]. However, an analytical framework of general applicability for the collective PLR behavior of an arbitrary (non-translation invariant) plasmonic array of nanostructures is lacking. Although our calculations are performed without the nonlocality correction of ε (black line in Fig. 4), there is no significant change in the ε" results when the FSC is taken into account (green line in Fig. 4) with the exception of the 4th iteration for which the low-frequency modes vanish (Fig. 4(d)). To put the result shown in Fig. 2 into perspective, we provide also the ε" data for Fe3O4-Au CS nanosphere arrays (Fig. 5
Fig. 5 Same as in Fig. 4 for self-similar chains of Fe3O4-Au CS nanoparticles embedded in water without FSC (blue line). =0.6, k = 0.33, and t = 0.2. The value of ε" for self-similar chains of Au nanospheres embedded in water without (black line) FSC is shown for comparison.
).

Interestingly, the data in Fig. 5 show that the PLR characteristics (blue line in Fig. 5) corresponding to the maximum field enhancement show a different spectral profile than the corresponding case of full Au nanoparticles. Although huge, tunable responses to electric perturbations are possible in this system, i.e. by varying t and the CS phases, experimental difficulties to fabricate self-similar plasmonic arrays will prevent perfect tuning [19

19. F. J. Garcia de Abajo, “Nonlocal effects in the plasmons of strongly interacting nanoparticles, dimers, and waveguides,” J. Phys. Chem. C 112(46), 17983–17987 (2008). [CrossRef]

,20

20. G. W. Hanson, R. C. Monreal, and S. P. Apell, “Electromagnetic absorption mechanisms in metal nanospheres: Bulk and surface effects in radiofrequency-terahertz heating of nanoparticles,” J. Appl. Phys. 109(12), 124306 (2011). [CrossRef]

,23

23. R. Elghanian, J. J. Storhoff, R. C. Mucic, R. L. Letsinger, and C. A. Mirkin, “Selective colorimetric detection of polynucleotides based on the distance-dependent optical properties of gold nanoparticles,” Science 277(5329), 1078–1081 (1997). [CrossRef] [PubMed]

28

28. B. Ding, Z. Deng, H. Yan, S. Cabrini, R. N. Zuckermann, and J. Bokor, “Gold nanoparticle self-similar chain structure organized by DNA origami,” J. Am. Chem. Soc. 132(10), 3248–3249 (2010). [CrossRef] [PubMed]

,49

49. V. G. Kravets, G. Zoriniants, C. P. Burrows, F. Schedin, C. Casiraghi, P. Klar, A. K. Geim, W. L. Barnes, and A. N. Grigorenko, “Cascaded optical field enhancement in composite plasmonic nanostructures,” Phys. Rev. Lett. 105(24), 246806 (2010). [CrossRef] [PubMed]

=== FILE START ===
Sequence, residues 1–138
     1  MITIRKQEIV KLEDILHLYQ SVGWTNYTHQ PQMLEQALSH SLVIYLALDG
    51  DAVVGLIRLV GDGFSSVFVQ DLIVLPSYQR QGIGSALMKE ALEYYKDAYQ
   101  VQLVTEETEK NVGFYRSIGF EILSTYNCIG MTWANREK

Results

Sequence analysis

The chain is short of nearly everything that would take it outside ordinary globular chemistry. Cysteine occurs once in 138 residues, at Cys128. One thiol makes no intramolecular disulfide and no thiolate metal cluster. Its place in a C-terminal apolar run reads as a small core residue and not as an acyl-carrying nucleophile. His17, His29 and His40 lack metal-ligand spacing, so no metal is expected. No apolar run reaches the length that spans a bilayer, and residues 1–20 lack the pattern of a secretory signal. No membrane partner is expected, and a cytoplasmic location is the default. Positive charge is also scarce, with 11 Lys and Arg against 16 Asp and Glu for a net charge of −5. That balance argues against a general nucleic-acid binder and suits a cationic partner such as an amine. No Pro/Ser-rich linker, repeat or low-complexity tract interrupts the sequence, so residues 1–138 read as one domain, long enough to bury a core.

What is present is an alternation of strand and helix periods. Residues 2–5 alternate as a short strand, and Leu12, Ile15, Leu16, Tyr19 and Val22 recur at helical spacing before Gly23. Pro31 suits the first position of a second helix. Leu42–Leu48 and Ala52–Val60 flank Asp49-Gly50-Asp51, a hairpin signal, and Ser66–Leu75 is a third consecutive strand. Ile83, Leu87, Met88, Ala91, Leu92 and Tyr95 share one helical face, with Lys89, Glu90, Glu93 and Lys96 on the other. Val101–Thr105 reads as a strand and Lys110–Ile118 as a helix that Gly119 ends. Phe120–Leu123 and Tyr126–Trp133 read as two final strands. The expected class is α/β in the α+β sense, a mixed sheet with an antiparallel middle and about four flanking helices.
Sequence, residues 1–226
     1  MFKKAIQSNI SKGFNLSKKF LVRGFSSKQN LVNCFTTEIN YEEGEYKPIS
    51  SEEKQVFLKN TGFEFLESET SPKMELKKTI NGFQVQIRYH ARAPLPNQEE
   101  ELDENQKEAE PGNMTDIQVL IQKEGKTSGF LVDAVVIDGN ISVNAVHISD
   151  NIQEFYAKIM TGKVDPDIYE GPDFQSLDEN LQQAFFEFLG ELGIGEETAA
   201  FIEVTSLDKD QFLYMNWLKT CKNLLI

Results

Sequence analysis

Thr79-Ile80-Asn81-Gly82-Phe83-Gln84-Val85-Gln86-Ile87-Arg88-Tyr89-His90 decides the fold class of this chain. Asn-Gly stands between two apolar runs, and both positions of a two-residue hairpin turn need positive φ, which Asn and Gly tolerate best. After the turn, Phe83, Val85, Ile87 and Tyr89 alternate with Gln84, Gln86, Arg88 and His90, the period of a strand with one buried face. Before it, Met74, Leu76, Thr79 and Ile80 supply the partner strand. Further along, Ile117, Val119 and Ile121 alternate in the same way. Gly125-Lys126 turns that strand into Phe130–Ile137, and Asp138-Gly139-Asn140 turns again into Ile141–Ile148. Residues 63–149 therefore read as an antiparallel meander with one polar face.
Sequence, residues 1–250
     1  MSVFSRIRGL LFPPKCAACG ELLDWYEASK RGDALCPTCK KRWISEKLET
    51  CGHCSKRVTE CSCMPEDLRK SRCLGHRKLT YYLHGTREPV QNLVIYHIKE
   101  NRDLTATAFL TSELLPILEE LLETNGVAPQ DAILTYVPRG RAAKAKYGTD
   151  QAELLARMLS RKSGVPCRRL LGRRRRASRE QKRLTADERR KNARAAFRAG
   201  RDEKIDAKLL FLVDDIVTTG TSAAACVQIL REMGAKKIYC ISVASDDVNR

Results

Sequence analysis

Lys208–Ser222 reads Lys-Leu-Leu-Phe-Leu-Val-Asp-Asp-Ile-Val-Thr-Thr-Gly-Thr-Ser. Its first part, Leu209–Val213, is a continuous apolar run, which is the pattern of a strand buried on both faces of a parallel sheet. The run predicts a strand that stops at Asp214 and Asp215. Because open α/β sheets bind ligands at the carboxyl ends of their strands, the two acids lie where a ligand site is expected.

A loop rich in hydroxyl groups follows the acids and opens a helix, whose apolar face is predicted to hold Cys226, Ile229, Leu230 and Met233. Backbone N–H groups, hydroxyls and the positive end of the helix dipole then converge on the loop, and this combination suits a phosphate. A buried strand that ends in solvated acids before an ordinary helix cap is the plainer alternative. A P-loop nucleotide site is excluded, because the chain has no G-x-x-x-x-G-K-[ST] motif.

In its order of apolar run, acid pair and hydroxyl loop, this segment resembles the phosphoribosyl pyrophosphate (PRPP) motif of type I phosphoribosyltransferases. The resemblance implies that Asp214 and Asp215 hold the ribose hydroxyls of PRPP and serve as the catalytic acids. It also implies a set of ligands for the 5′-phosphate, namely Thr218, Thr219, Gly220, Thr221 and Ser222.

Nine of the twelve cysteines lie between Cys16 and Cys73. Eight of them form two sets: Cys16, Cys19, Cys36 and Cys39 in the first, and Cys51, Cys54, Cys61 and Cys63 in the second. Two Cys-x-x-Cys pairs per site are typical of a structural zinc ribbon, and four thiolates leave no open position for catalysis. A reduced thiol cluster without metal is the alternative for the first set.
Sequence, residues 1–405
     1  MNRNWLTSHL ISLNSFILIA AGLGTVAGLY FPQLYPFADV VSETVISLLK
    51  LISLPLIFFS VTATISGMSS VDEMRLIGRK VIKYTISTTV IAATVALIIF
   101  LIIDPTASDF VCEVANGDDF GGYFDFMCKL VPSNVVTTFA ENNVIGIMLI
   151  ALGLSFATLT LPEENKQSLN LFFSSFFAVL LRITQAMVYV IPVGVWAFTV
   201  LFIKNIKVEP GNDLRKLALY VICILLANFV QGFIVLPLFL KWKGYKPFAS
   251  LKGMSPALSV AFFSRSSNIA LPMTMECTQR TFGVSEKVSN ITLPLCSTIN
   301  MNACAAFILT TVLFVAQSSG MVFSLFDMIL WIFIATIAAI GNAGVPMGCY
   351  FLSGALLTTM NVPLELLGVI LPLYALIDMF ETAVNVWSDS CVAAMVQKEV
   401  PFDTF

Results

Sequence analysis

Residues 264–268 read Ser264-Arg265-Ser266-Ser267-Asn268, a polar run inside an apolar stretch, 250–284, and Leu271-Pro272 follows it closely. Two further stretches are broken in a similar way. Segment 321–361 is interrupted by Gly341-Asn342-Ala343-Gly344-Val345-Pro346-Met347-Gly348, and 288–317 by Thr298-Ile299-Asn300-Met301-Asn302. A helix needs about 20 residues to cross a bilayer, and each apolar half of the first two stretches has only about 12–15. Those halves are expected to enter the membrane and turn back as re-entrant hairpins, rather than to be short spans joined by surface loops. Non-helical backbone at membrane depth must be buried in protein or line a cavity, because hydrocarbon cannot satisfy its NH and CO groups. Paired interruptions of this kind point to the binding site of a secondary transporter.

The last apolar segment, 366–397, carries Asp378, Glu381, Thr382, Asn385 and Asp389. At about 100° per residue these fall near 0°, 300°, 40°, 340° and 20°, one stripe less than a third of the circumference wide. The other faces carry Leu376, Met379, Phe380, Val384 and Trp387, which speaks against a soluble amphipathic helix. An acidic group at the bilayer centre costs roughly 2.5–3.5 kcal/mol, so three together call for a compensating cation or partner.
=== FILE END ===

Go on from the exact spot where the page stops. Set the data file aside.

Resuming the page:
].

Acknowledgments

We acknowledge financial support from the Ph.D. funding programme (grant programme 211-B2-9/ARED) of the Conseil Régional de Bretagne. Lab-STICC is UMR CNRS 6285.

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J. Borneman, K.-P. Chen, A. Kildishev, and V. Shalaev, “Simplified model for periodic nanoantennae: linear model and inverse design,” Opt. Express 17(14), 11607–11617 (2009). [CrossRef] [PubMed]

17.

J. Li, A. Salandrino, and N. Engheta, “Shaping light beams in the nanometer scale: A Yagi-Uda nanoantenna in the optical domain,” Phys. Rev. B 76(24), 245403 (2007). [CrossRef]

18.

M. Quinten, A. Leitner, J. R. Krenn, and F. R. Aussenegg, “Electromagnetic energy transport via linear chains of silver nanoparticles,” Opt. Lett. 23(17), 1331–1333 (1998). [CrossRef] [PubMed]

19.

F. J. Garcia de Abajo, “Nonlocal effects in the plasmons of strongly interacting nanoparticles, dimers, and waveguides,” J. Phys. Chem. C 112(46), 17983–17987 (2008). [CrossRef]

20.

G. W. Hanson, R. C. Monreal, and S. P. Apell, “Electromagnetic absorption mechanisms in metal nanospheres: Bulk and surface effects in radiofrequency-terahertz heating of nanoparticles,” J. Appl. Phys. 109(12), 124306 (2011). [CrossRef]

21.

COMSOL Multiphysics User’s Guide, version 3.4; Comsol Inc. (2006).

22.

M. Essone Mezeme, S. Lasquellec, and C. Brosseau, “Long-wavelength electromagnetic propagation in magnetoplasmonic core-shell nanostructures,” Phys. Rev. E Stat. Nonlin. Soft Matter Phys. 81(5), 057602 (2010). [CrossRef] [PubMed]

23.

R. Elghanian, J. J. Storhoff, R. C. Mucic, R. L. Letsinger, and C. A. Mirkin, “Selective colorimetric detection of polynucleotides based on the distance-dependent optical properties of gold nanoparticles,” Science 277(5329), 1078–1081 (1997). [CrossRef] [PubMed]

24.

S. Bidault, F. J. García de Abajo, and A. Polman, “Plasmon-based nanolenses assembled on a well-defined DNA template,” J. Am. Chem. Soc. 130(9), 2750–2751 (2008). [CrossRef] [PubMed]